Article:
I didn’t know what a vegetable orchestra was, but there it was in the London Jazz Festival birthday celebrations programme. And it wasn’t just any vegetable orchestra, but the London Vegetable Orchestra. I’m no scientist, but I know enough about artificial intelligence to understand the difficulties inherent in teaching a potato to play the flute. Sure you can train a computer to play chess, but teach a courgette to play the oboe? The issues are so many and varied that I wouldn’t know where to begin.
It turns out that a vegetable orchestra is band of normal humans playing instruments carved out of vegetables. Recorders made from carrots, bugles from butternut squashes, and even a courgette trumpet with red pepper mute. ‘Don’t worry, we’re all trained green-grocers,’ said the leader as they struck up Michael Jackson’s Billy Auber-jean on the stage in The Clore Ballroom at the Royal Festival Hall. Get an idea of how they make their instruments, or book a gig here. The sound is slightly carroty, the sight unique. I’m not sure that the aubergine was in tune all the way through, but its hard to tell…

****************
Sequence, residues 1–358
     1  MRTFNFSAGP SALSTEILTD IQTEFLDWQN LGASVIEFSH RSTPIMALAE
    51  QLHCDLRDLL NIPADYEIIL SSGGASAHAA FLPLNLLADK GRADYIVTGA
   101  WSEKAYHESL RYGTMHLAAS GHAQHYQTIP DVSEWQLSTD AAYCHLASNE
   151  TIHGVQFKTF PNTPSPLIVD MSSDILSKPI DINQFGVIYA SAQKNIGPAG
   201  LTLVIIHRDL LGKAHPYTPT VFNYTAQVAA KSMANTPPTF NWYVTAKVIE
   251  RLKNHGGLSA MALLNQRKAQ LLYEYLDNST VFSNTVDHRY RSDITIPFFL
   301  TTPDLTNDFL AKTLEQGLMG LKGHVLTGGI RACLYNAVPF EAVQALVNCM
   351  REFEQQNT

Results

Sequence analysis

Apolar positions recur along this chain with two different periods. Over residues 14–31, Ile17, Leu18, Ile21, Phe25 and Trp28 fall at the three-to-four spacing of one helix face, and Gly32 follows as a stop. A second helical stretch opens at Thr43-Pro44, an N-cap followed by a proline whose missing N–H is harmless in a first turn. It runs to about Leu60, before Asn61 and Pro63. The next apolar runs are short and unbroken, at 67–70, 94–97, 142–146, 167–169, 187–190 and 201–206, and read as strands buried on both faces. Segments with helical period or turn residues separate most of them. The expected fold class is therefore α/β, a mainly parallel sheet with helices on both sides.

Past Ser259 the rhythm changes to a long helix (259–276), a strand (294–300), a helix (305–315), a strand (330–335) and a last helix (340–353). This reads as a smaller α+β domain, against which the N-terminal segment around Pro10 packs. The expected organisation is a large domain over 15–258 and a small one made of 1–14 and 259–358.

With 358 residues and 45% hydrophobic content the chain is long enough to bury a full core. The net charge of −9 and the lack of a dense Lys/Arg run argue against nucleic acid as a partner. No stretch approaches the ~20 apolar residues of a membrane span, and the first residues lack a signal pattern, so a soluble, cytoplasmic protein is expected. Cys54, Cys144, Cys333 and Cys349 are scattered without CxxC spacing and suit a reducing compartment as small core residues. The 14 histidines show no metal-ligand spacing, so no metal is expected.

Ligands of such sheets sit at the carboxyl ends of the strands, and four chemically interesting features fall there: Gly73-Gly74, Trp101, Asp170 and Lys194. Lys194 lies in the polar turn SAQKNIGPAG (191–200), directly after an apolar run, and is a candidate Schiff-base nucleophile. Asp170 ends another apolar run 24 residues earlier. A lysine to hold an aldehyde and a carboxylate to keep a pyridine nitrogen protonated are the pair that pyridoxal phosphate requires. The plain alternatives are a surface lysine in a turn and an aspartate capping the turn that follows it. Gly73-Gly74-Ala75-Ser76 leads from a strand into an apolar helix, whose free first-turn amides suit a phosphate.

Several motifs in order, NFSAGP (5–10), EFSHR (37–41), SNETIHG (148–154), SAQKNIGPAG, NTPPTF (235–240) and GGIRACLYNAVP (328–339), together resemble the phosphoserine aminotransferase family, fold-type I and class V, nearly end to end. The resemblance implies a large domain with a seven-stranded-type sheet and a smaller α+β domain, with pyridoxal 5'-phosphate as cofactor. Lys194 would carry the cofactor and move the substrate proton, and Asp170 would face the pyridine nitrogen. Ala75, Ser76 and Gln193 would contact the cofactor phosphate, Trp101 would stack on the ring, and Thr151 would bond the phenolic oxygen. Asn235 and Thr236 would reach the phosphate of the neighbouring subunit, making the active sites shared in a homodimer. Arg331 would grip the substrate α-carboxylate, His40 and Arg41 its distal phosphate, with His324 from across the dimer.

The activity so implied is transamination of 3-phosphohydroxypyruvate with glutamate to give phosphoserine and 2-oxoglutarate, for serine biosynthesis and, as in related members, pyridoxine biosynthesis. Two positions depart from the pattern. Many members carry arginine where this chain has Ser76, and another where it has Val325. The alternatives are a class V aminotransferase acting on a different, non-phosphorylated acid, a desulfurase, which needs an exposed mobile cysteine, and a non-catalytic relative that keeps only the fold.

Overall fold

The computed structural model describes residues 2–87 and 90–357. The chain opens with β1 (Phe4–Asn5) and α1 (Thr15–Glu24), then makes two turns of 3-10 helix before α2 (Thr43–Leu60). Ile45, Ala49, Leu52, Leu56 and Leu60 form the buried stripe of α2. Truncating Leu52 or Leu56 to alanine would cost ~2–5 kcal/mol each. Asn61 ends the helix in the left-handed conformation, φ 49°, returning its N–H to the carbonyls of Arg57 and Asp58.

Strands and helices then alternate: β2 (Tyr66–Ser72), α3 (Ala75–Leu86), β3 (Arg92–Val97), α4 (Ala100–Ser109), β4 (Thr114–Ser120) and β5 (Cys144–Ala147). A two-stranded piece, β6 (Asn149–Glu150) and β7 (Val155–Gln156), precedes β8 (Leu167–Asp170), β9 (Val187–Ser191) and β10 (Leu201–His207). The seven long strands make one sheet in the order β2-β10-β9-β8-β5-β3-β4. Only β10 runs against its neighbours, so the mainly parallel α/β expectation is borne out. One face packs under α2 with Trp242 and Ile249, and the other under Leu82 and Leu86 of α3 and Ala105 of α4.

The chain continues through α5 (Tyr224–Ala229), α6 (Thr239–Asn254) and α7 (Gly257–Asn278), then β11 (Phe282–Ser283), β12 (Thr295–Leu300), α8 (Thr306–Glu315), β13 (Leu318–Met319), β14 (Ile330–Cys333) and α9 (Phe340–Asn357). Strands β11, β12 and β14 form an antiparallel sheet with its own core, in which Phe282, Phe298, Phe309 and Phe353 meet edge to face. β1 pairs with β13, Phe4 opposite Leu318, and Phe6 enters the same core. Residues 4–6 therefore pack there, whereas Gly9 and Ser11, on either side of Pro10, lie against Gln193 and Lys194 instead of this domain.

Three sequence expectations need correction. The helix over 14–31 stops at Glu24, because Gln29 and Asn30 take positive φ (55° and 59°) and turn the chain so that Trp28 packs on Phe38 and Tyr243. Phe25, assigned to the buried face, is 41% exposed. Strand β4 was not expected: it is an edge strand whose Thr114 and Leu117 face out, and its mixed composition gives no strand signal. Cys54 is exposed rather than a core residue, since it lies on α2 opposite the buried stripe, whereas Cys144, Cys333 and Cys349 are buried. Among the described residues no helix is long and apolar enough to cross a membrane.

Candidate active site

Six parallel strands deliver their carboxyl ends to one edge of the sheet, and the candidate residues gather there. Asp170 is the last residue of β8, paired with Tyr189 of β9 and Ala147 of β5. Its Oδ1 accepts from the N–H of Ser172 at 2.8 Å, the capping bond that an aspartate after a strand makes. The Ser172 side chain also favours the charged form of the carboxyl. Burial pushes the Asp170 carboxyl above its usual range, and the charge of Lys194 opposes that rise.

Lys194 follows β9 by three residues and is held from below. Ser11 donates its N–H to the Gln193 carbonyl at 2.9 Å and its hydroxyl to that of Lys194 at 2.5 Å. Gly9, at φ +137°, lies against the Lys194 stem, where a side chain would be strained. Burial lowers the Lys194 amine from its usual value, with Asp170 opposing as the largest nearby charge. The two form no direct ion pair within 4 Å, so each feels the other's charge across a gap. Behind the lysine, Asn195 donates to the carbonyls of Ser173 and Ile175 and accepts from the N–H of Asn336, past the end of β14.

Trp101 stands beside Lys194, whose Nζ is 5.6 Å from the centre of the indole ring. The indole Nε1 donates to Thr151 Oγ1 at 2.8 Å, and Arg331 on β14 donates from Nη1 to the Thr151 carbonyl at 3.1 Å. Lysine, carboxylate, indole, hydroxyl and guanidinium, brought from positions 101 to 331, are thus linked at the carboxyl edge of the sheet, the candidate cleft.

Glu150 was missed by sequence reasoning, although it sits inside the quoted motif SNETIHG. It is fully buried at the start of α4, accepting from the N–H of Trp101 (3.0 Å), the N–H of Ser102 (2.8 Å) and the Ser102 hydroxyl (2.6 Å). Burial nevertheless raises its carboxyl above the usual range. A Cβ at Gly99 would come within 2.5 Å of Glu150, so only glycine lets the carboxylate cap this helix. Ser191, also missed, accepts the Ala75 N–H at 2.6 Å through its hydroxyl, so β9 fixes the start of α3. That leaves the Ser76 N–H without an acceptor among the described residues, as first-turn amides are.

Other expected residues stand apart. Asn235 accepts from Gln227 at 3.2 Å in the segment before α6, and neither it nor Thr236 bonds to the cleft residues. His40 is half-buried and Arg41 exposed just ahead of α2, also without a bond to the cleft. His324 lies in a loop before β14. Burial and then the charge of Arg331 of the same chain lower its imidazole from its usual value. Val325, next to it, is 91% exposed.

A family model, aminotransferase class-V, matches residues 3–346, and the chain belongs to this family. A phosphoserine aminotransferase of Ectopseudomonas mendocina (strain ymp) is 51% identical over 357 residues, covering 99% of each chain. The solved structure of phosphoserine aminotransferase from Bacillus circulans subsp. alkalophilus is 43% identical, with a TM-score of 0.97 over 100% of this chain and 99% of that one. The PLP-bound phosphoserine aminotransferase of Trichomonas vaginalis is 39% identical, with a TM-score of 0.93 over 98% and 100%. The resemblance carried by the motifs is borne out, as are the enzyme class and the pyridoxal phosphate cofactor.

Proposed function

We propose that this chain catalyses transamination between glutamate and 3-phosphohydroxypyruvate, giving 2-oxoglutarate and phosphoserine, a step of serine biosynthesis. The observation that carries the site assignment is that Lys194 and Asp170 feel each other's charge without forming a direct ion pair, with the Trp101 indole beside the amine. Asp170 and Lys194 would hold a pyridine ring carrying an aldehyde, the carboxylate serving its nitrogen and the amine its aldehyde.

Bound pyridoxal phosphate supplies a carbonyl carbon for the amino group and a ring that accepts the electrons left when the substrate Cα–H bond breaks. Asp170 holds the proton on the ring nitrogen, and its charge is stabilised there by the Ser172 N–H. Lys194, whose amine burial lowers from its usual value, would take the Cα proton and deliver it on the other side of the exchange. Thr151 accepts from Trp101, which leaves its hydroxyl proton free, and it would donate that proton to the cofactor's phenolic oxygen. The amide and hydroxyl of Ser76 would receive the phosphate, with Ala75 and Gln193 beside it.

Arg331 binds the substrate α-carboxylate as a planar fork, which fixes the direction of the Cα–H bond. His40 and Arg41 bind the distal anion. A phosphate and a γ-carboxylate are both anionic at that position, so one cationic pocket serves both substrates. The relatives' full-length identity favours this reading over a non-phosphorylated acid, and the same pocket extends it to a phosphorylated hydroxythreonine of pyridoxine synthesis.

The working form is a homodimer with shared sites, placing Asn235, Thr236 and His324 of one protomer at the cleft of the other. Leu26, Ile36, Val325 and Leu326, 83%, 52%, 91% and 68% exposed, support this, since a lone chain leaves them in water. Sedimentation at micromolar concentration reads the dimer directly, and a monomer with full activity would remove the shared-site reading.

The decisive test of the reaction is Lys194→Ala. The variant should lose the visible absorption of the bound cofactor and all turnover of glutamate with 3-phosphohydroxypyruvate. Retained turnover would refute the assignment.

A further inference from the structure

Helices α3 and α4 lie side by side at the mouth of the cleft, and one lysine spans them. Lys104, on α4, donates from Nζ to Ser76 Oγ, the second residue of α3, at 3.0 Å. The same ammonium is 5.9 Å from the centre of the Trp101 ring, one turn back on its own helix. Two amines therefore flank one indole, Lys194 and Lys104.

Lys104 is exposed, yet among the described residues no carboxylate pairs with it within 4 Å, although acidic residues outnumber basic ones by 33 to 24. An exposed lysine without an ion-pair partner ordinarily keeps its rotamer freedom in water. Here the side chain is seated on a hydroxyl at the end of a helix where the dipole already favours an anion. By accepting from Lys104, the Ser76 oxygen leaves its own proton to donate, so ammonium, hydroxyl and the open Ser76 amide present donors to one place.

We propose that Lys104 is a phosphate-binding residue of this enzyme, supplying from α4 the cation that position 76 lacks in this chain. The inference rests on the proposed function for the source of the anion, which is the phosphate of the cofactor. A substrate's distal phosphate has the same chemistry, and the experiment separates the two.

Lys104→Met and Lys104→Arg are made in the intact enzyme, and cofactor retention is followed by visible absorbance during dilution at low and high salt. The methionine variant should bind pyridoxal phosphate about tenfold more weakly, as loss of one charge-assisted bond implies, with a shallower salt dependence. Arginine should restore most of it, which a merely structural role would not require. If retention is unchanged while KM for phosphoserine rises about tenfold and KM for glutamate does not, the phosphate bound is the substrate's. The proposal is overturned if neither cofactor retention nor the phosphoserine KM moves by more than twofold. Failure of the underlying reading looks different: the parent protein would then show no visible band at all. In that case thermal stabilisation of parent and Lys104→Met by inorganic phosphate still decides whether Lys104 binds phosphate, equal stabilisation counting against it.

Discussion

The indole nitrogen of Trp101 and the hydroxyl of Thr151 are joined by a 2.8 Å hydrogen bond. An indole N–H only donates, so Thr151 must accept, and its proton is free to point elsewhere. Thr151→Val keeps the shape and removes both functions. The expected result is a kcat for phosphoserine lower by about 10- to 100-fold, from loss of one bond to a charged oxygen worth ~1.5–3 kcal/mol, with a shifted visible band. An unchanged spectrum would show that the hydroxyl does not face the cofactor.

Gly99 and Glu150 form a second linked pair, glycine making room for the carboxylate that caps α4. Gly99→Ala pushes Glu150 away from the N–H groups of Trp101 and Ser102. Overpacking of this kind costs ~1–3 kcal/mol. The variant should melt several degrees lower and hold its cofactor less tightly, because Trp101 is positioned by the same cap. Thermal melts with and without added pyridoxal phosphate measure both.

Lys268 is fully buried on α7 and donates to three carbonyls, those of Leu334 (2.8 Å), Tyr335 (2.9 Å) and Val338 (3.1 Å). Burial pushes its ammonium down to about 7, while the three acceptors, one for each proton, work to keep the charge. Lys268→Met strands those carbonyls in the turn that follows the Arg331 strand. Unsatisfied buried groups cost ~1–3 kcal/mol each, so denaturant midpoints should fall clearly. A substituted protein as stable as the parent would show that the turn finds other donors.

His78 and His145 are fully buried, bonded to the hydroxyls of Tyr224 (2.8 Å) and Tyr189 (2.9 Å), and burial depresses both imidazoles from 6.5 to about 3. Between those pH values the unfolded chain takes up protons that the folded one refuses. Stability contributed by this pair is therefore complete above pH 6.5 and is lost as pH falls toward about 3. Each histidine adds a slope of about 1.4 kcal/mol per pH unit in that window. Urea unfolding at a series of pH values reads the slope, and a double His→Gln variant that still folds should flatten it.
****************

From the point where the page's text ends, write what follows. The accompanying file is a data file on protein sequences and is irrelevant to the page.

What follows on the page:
The celebrations weren’t all eccentric madcappery. Rita Ray and Max Reinhardt DJed between sets and Hardeep Singh Koli tried his best to entertain the crowd. It was tough though, they were there for the music. Andy Sheppard was welcomed on stage for a brief touch of moodily lit sax whilst Dors and Sonsale played in the Queen Elizabeth Hall.
Carleen Anderson, Jazz FM’s Vocalist of the year 2013 spent two days rehearsing with a 50 member community choir to perform a new commission for the Festival. There were also panel discussions and more music from the likes of Zapp 4 and Bold as Brass. The highlight for many would have been seeing the Jazz for toddlers workshop, but unfortunately it was sold out so I didn’t get to see the next-but-one generation of saxophonists at work. Maybe they were playing carrots.
More details here. The website’s already onto London Jazz Festival 2014.